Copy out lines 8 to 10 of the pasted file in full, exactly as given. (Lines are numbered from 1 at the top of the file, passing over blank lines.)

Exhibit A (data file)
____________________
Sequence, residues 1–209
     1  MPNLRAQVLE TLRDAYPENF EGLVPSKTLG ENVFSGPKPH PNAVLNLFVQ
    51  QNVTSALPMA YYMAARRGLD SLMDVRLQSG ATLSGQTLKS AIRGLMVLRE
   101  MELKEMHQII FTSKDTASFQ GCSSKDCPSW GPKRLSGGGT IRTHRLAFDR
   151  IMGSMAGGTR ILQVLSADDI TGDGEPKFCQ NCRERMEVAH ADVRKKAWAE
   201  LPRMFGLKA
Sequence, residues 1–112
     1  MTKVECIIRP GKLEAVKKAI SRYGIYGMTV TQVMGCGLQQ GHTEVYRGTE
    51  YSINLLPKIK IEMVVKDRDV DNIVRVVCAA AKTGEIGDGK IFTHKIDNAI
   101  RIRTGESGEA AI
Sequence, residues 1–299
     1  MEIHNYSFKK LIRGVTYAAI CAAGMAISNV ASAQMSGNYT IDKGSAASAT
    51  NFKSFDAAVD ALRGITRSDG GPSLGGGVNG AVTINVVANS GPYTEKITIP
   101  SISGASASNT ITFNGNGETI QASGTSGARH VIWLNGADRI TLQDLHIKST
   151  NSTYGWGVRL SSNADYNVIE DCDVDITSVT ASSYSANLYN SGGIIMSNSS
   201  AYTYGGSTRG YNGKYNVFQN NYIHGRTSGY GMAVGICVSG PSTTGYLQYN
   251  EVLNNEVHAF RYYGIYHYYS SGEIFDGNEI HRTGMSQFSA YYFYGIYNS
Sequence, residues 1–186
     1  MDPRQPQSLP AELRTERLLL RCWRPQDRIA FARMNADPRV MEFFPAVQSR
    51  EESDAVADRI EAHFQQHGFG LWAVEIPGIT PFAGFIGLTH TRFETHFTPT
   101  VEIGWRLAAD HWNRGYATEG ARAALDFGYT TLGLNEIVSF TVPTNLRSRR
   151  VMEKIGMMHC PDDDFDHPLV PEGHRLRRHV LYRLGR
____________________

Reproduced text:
     1  MTKVECIIRP GKLEAVKKAI SRYGIYGMTV TQVMGCGLQQ GHTEVYRGTE
    51  YSINLLPKIK IEMVVKDRDV DNIVRVVCAA AKTGEIGDGK IFTHKIDNAI
   101  RIRTGESGEA AI